Matt Groom wrote:Yes and no.
There is no such thing as “International Law”. People use that phrase out of ignorance or a wistful fancy for a totalitarian one world government. Laws that are obseved in much of the world as “International Law” are those laws which are
enforced, either economically or militarily, by a majority of powerful and influential nations, but they have no legitimate authority to enforce any law that is not passed by an individual state’s legitimate government and it’s people.
Yes, I agree, that international law for the most part is a fiction and some times it is absolutely unenforceable...
But to say, that people who are using the term wish for totalitarian one world government is nonsense... or would you claim that people who use phrase "national law" are wishing for national totalitarian government???...
Jeff the Baptist wrote:"The M193 lucked into that behavior"?
“5. Bullets (M193 and M855) used in 5.56×45mm NATO caliber guns (which are standart in the NATO countries) do fragment on hiting the target (they are intended to fragment).”
This is not true. They do fragment, but they were not intended to fragment. The M193 lucked into that behavior. The M855’s design is built around penetrating helmets not fragmenting which is why it’s fragmentation is so inconsistent and yaw dependent.
This is important because when you talk to people from the European defense complex, and I have, they get to be big sticklers on this subject. They have to talk around the M855’s fragmentation behavior using euphemisms like spall or core separation to keep their nation’s lawyers off their backs.
Well, I don't quite believe in such "luck"... You put such a heavy cannelure (which almost pierces the jacket) in the bullet that it will certainly split in two and fragment when going through flesh and then call it "luck"? 7.62x51mm had a cannelure but not as "overemphasized" as 5.56mm M193 and those bullets did not fragment...
Or compare construction of M193* to the 5N7 (5.45x39mm). 5N7 is intended to "agresively" yaw on impact - because of that it has hollow cavity in the nose. M193 (correct me if I'm wrong) has pretty much typical FMJ construction, which would probably somewhat yaw but would not fragment if not for that that canelure.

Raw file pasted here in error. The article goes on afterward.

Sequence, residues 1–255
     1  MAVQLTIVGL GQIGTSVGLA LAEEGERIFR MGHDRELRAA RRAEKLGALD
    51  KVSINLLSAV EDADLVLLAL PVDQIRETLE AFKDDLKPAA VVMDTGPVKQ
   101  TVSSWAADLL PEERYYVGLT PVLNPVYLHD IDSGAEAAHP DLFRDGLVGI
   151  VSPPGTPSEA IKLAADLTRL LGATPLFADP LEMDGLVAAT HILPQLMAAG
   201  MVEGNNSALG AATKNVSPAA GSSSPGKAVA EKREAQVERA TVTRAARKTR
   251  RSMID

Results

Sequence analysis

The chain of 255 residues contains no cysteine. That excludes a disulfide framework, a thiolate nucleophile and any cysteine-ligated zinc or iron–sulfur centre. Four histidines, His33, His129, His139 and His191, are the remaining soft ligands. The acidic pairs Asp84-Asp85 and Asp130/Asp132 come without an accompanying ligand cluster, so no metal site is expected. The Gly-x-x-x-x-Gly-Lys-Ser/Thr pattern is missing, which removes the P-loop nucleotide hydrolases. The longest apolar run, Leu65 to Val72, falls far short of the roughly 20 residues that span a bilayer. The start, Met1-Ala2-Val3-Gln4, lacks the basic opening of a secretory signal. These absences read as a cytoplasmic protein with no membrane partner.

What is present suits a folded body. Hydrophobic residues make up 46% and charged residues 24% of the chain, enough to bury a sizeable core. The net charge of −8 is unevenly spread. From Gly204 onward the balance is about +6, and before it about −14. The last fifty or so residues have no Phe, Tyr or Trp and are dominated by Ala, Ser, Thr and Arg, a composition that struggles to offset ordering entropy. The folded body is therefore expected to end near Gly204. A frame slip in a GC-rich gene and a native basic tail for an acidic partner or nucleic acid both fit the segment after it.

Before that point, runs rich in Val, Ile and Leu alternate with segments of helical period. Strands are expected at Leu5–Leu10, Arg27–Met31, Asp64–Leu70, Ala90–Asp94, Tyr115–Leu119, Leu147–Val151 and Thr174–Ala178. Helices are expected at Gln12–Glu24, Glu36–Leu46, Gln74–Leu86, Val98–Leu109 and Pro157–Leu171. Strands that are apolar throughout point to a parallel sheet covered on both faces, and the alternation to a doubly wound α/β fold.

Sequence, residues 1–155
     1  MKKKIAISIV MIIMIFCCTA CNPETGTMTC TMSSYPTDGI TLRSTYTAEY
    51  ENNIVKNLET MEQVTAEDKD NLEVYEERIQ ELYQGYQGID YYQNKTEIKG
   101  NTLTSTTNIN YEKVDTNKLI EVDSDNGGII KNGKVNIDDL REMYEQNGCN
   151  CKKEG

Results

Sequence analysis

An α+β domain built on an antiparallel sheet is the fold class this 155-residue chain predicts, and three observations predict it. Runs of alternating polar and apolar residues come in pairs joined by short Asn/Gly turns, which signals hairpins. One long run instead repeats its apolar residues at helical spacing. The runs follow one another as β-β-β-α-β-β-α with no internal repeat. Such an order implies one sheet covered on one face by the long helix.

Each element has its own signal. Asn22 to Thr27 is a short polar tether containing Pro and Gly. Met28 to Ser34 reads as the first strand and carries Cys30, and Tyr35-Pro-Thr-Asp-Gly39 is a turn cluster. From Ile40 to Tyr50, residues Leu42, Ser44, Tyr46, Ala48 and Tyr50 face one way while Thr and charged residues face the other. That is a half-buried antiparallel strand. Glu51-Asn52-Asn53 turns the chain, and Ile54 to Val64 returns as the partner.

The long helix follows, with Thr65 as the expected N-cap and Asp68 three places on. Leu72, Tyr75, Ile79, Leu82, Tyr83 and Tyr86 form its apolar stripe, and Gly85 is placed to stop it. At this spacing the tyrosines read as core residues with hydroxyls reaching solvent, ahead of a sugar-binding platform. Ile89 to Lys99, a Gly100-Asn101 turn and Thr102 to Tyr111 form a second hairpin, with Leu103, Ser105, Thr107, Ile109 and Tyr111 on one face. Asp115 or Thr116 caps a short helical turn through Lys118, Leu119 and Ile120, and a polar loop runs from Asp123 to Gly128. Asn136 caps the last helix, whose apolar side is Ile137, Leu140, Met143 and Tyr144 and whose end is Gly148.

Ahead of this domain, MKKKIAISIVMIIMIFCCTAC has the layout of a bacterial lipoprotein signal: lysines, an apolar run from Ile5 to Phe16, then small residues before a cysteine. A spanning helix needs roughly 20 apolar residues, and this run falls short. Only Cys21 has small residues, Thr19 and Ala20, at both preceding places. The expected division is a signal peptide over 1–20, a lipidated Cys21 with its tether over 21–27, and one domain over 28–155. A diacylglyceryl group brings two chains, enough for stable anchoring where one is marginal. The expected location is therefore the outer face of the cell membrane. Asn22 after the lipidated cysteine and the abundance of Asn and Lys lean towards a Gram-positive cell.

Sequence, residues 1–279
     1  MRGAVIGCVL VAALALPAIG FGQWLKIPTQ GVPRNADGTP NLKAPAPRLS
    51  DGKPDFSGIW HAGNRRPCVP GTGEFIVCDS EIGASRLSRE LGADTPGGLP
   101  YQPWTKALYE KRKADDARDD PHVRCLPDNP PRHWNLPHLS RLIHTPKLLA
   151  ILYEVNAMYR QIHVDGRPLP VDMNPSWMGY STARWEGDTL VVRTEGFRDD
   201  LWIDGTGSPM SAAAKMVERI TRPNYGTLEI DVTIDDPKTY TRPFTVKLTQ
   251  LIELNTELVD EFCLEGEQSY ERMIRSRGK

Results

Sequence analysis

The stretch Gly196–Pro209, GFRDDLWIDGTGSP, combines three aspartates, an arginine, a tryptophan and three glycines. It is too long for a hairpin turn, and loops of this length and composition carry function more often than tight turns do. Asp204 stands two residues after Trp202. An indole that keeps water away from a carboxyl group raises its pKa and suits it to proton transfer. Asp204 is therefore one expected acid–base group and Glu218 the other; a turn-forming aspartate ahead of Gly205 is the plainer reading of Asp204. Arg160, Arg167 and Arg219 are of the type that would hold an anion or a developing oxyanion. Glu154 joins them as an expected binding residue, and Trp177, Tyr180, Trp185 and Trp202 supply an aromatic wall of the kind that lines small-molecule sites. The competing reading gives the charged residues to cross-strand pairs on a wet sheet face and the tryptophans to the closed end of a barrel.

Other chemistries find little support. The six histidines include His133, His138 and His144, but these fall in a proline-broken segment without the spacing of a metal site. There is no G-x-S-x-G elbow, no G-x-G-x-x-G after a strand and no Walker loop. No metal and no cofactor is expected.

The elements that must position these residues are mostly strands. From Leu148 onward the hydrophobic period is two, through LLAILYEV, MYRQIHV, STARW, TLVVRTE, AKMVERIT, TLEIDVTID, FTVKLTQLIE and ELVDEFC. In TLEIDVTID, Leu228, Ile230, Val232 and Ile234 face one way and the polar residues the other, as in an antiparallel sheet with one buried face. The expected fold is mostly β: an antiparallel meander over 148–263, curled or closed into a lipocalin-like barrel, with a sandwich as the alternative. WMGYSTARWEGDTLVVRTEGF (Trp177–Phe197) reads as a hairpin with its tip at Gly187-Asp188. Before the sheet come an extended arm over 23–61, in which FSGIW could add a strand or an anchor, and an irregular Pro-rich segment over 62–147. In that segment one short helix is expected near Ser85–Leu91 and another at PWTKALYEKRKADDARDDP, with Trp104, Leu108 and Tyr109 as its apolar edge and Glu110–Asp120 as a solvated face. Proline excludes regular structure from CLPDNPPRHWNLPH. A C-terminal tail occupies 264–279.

You consider this "just an accident"? Blind luck?
I really really really doubt it. Yes, obviously, no government would ever publicly declare that bullet fragmentation is intended, but that does not mean it is totally "lucking into"...
But even if you consider fragmentation just "blind luck", still, my analysis remains intact:
Declaration III of Hague 1899 says nothing about bullet design intentions - it deals with effects whether they are intended or not ("abstain from the use of bullets which expand or flatten easily in the human body").
Anex of Hague IV 1907 talks about intentions ("calculated to cause"), but I still don't think that designing bullet to fragment could be considered "calculated to cause unnecessary suffering"**...
Then again - that's just my (probably somewhat competent as I graduated in international and European Union law) opinion (your's may differ), but if there were absolute answers, there would be no need to "talk around the M855’s fragmentation behavior using euphemisms"...
“7. Declaration is binding only in the time of war – not in the time of peace.”I fully agree. I did not try to imply something other.
Yes but in practice no one does this. You don’t equip your army for peacetime, you equip them for wartime. Militaries will rarely want to complicate their logistics by adding additional line items they can’t use in a war.
The Hague Accords are also a very long-standing international agreement. Even though you can equip your troops with better ammo against some opponents, doing so has a barbaric connotation in large parts of the world dedicated to political correctness.
But... as I understand you are probably unaware of the fact, that in Europe Hague conventions are quite frequently used as a base for the argument why hollowpoint ammunition should be banned from self defence handguns (along the lines "if it's banned for war it should be banned for peace").
In Lithuania, where I am coming from, you can use hollowpoint handgun ammunition for sport, but NOT for self defence.
I think you would agree with me, that:
1. This is absurd;
2. Hague conventions have nothing to do with that.
* And yes, when you try to improve armor piercing capabilities of the bullet it is just normal that you loose some fragmentation, so there are no surprises with M855.
** That is, bearing in mind the caliber of said bullet which is basically the same as 22lr...